With Direct Post, however, apps not only have the ability to post video content directly to TikTok’s platform, they can also take advantage of other options, like the ability to set captions, audience settings and more within their own platform, then send information through to TikTok with a single click. In addition, the feature allows long-form video creators to schedule their content to publish to TikTok through social media management platforms.

The addition will make it possible for TikTok to benefit from the advances in the wider creativity app landscape, including those apps that are leveraging AI technology as part of the video editing process. Read more here.

Google set to replace passwords with Passkeys

Google is continuing its move toward creating a future in which people will not need a password to securely sign in to accounts.

The company announced Tuesday in a blog post that it is making passkeys a default option for personal Google accounts after positive feedback from usersPasskeys, which Google started using in May, are a safer and faster alternative to passwords and make it so people do not have to remember numerous passwords, Google said.

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According to Google, Passkeys are more secure because they remove the possibility of your password being stolen, both through hacking and through you accidentally sharing it. The passkeys run on facial recognition, fingerprint scan or a PIN number, making phishing attacks ineffective at swiping passwords.

Even if you lose your device, someone would need your biometric information or PIN number to log in, according to a separate Tuesday blog post outlining passkeys. They use a form of cryptography that is able to confirm that the device has the passkey, and the passkey can only be accessed via the biometric information or PIN number.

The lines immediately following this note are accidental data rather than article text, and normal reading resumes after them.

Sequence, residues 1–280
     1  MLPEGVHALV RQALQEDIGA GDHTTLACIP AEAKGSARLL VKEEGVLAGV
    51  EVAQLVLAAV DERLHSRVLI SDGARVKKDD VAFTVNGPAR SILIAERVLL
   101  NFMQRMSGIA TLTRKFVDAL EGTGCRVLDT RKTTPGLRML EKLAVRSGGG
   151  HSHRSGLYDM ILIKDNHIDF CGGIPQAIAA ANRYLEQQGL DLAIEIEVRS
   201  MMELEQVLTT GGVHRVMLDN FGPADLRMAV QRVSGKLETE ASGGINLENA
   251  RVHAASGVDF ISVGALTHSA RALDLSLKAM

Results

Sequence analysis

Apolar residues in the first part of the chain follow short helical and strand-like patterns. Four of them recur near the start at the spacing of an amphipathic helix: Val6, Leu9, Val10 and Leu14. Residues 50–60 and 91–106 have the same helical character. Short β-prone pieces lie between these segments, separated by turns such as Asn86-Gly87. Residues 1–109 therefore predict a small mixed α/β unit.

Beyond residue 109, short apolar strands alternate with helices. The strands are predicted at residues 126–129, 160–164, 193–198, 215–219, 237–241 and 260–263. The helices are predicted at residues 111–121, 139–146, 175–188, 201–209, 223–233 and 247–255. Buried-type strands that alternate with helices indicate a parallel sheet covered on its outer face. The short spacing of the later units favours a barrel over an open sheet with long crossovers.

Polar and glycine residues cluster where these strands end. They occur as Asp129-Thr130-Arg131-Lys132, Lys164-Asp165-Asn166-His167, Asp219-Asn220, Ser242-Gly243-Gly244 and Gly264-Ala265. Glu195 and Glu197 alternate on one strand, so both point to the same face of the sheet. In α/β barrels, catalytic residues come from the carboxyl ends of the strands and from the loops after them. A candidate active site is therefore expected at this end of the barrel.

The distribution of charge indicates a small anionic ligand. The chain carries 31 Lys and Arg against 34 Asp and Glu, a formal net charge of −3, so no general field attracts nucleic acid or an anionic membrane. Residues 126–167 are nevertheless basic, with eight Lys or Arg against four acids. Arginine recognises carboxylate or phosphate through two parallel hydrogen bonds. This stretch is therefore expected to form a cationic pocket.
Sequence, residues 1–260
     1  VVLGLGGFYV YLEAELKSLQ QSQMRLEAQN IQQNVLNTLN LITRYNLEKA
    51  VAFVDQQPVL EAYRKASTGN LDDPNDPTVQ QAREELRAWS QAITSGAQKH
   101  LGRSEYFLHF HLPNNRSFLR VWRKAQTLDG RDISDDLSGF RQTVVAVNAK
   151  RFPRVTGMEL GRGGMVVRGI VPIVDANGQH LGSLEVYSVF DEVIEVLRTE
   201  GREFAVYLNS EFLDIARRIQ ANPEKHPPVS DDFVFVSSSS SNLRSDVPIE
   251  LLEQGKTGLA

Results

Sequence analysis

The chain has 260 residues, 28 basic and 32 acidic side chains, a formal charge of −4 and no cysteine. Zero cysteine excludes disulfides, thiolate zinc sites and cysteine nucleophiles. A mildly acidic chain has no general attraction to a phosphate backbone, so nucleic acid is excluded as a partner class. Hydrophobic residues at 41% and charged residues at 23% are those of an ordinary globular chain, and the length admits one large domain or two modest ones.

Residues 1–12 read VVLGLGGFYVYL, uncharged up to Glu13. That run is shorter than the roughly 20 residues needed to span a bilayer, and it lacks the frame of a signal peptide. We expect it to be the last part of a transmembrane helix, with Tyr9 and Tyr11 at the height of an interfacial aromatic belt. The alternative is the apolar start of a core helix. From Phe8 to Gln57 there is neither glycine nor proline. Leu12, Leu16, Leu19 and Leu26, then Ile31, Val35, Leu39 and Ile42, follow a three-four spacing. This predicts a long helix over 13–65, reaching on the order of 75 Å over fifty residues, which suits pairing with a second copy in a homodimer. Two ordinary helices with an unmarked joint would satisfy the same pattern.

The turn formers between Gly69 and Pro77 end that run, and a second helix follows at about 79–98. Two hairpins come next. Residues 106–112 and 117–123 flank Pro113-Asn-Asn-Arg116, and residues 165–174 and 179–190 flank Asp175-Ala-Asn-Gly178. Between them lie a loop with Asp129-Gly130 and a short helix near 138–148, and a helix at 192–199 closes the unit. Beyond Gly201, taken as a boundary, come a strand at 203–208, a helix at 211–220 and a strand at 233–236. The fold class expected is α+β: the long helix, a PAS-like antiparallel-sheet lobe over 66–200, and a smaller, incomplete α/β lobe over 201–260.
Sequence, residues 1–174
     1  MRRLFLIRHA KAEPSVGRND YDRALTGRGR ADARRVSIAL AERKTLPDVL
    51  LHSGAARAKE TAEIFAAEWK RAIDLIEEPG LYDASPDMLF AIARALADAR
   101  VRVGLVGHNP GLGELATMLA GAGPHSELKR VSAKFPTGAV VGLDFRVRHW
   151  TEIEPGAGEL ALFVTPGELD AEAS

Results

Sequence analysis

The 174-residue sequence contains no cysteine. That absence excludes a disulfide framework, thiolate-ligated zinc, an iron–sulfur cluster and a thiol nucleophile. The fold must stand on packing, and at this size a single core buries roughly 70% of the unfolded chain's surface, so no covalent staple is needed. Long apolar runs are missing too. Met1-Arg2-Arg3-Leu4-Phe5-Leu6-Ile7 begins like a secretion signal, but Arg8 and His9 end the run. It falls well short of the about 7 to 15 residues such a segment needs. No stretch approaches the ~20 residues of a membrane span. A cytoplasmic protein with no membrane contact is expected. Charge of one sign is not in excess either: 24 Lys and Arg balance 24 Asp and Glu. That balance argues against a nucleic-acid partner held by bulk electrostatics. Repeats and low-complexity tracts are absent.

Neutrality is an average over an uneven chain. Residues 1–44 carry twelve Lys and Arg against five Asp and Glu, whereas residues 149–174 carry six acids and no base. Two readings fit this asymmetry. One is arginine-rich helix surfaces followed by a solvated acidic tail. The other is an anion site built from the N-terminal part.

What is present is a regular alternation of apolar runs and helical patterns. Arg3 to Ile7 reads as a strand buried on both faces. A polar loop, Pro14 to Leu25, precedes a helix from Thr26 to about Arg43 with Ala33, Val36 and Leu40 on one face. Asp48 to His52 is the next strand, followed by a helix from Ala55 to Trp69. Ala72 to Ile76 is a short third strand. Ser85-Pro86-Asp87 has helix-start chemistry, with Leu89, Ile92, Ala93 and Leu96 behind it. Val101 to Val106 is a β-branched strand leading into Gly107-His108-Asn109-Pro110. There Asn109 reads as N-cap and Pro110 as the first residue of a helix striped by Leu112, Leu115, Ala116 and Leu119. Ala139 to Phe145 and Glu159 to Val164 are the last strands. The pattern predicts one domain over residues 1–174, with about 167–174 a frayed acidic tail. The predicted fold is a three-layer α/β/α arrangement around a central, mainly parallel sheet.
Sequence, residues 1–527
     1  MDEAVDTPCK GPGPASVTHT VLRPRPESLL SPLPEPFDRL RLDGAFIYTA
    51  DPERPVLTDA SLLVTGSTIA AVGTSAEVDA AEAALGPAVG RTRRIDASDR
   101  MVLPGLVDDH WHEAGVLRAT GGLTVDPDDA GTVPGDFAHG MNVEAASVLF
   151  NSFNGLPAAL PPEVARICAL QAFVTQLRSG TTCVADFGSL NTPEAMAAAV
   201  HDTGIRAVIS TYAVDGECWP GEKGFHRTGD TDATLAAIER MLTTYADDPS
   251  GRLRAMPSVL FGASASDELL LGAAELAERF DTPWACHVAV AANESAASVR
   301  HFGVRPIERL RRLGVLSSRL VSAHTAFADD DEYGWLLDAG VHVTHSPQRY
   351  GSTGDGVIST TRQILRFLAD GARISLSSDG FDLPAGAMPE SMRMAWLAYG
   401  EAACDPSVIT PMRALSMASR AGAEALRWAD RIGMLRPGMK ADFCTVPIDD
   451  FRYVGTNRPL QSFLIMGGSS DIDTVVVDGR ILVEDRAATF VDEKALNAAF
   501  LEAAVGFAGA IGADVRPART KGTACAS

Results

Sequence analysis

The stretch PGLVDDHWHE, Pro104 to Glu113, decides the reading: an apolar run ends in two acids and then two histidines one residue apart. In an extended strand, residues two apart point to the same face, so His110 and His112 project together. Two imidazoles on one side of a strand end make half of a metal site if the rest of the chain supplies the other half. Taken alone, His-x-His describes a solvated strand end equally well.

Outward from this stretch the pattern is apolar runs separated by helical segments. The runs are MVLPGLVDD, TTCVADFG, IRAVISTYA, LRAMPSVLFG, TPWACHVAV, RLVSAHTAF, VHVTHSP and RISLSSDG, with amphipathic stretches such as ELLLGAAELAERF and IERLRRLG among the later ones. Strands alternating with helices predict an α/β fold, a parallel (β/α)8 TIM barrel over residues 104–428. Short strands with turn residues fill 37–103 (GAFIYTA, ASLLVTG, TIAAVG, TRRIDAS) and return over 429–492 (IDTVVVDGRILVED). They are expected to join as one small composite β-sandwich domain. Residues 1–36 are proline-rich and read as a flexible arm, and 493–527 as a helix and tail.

“We’ll keep you updated on where else you can start using passkeys across other online accounts,” Google said in the blog. “In the meantime, we’ll continue encouraging the industry to make the pivot to passkeys — making passwords a rarity, and eventually obsolete.”

On Elon Musk’s X, the site formerly known as Twitter, some users reported on Wednesday that they were unable to see news links and headlines on certain posts, a change in the way that media stories appear in their feed.

Several X users noted that posts only displayed graphics of individual news articles, making it confusing to understand. See the screenshot of a news article below:

Earlier this month, Musk confirmed a Fortune report that the company was considering the change, pitching it as a way to “greatly improve the esthetics.” An X spokesperson told CNBC that he’s looking into whether the removal of headlines and links represents a broad rollout.

Linda Yaccarino, who Musk hired as CEO of X in June, reiterated during a conversation with CNBC’s Julia Boorstin at the Code Conference last week that Musk oversees the company’s product and feature development while she handles business and operational matters.

Netflix plans open space launch for users

Netflix Inc. plans to open new destinations where fans can immerse themselves in the worlds of their favourite TV shows, shop for clothing, eat themed food and maybe even try a Squid Game obstacle course.

Guests entering the new Netflix pop-up restaurant, “Netflix Bites,” in Hollywood, California in July.Photographer: AaronP/Bauer-Griffin/GC Images

Dubbed Netflix House, the venues will feature a mix of retail, dining and live experiences, according to Josh Simon, the company’s vice president of consumer products. The streaming TV pioneer plans to open the first two in the US in 2025 and then expand the concept around the world.

Netflix has been experimenting with pop-up fan experiences for a few yearstravelled and has introduced 40 in 20 cities around the world. They include The Queen’s Ball: A Bridgerton Experience, a night of drinks and dancing inspired by the period drama that has traveled to several cities, as well as a pop-up Netflix store at the Grove shopping mall in Los Angeles.

Netflix House will be the company’s first permanent locations, a sign of its growing investment in marketing its programs and in building communities of fans around them.

For years, media companies have used theme-park rides, costumes, toys and other consumer products to promote their characters and generate additional cash. This business is new to Netflix, whose marketing efforts have sometimes been criticized as inadequate by film and TV producers. Management views Netflix House more as a way to promote its titles than as a meaningful source of revenue, at least for now.